CRH Said to Plan $3 Billion Oldcastle Building Envelope Sale
CRH Is Said to Plan $3 Billion Oldcastle Building Envelope Sale
(Bloomberg) -- CRH Plc, the world’s second-biggest building material maker by market value, is planning a sale of its Oldcastle Building Envelope unit that could fetch more than $3 billion, people with knowledge of the matter said.
The Irish company is working with advisers and recently started reaching out to potential buyers, said the people, who asked not to be identified discussing confidential information. The U.S.-based unit is likely to attract interest from private equity firms, according to the people.
“We would very much like such a deal, as it would refocus the group around the heavy side and related products,” Stifel Financial Corp. analyst Tobias Woerner said in a note on Tuesday. There should be “good interest” from buyout firms and trade buyers, and one option would be to merge the business with U.S. peer Apogee Enterprises Inc., he wrote.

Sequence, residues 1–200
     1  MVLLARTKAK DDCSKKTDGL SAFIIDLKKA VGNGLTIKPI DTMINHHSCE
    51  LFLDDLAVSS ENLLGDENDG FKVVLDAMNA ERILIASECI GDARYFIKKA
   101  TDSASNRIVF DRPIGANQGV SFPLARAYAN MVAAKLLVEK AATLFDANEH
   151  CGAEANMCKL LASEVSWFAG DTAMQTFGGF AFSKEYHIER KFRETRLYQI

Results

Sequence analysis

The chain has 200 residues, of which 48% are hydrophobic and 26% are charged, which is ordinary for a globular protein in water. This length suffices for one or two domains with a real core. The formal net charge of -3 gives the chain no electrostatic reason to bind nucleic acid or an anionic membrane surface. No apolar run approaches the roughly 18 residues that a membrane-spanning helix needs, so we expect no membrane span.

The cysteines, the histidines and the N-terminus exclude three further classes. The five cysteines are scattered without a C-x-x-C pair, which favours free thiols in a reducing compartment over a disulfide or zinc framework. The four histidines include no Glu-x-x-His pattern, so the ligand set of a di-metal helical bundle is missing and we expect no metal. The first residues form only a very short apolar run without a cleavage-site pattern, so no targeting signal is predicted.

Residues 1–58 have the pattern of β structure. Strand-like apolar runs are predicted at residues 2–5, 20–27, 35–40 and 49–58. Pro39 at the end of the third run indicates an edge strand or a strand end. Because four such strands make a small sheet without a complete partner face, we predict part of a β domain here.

Oldcastle Building Envelope generates around $300 million in annual earnings before interest, taxes, depreciation, and amortization, the people said. The unit makes glass building products for projects ranging from storefronts and building entrances to shower enclosures and skylights.
Chief Executive Officer Albert Manifold has made several bolt-on acquisitions for CRH this year, including the purchase of Hancock Concrete Products LLC to expand its concrete pipe business in the U.S. Midwest. Any transaction would add to the $49 billion of deals targeting the building materials industry announced this year, according to data compiled by Bloomberg.
CRH shares gained 2.7% in London, valuing the company at about $40 billion. The Dublin-based company, which regularly prunes its portfolio, could still decide to keep the business, the people said.
“We suspect the group is biding its time waiting for the right opportunity, while it continues to buy back shares and possibly pay a higher, rebased dividend again,” Stifel’s Woerner wrote, when discussing what the cash could be used for given the company’s “very strong” balance sheet.
A representative for CRH declined to comment.
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